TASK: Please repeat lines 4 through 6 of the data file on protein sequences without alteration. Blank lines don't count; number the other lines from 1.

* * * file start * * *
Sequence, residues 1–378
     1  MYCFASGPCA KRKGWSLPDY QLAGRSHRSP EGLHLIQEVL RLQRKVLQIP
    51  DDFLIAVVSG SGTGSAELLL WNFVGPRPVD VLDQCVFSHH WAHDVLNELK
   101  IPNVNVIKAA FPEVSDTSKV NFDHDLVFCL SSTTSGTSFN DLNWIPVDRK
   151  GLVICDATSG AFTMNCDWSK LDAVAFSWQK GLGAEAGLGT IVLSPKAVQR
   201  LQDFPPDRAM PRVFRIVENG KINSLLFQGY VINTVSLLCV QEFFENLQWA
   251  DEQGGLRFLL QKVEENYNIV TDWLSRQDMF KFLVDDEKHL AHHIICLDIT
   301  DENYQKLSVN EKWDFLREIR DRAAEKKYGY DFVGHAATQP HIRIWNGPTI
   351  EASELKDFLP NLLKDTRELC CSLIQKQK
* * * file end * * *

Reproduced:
   101  IPNVNVIKAA FPEVSDTSKV NFDHDLVFCL SSTTSGTSFN DLNWIPVDRK
   151  GLVICDATSG AFTMNCDWSK LDAVAFSWQK GLGAEAGLGT IVLSPKAVQR
   201  LQDFPPDRAM PRVFRIVENG KINSLLFQGY VINTVSLLCV QEFFENLQWA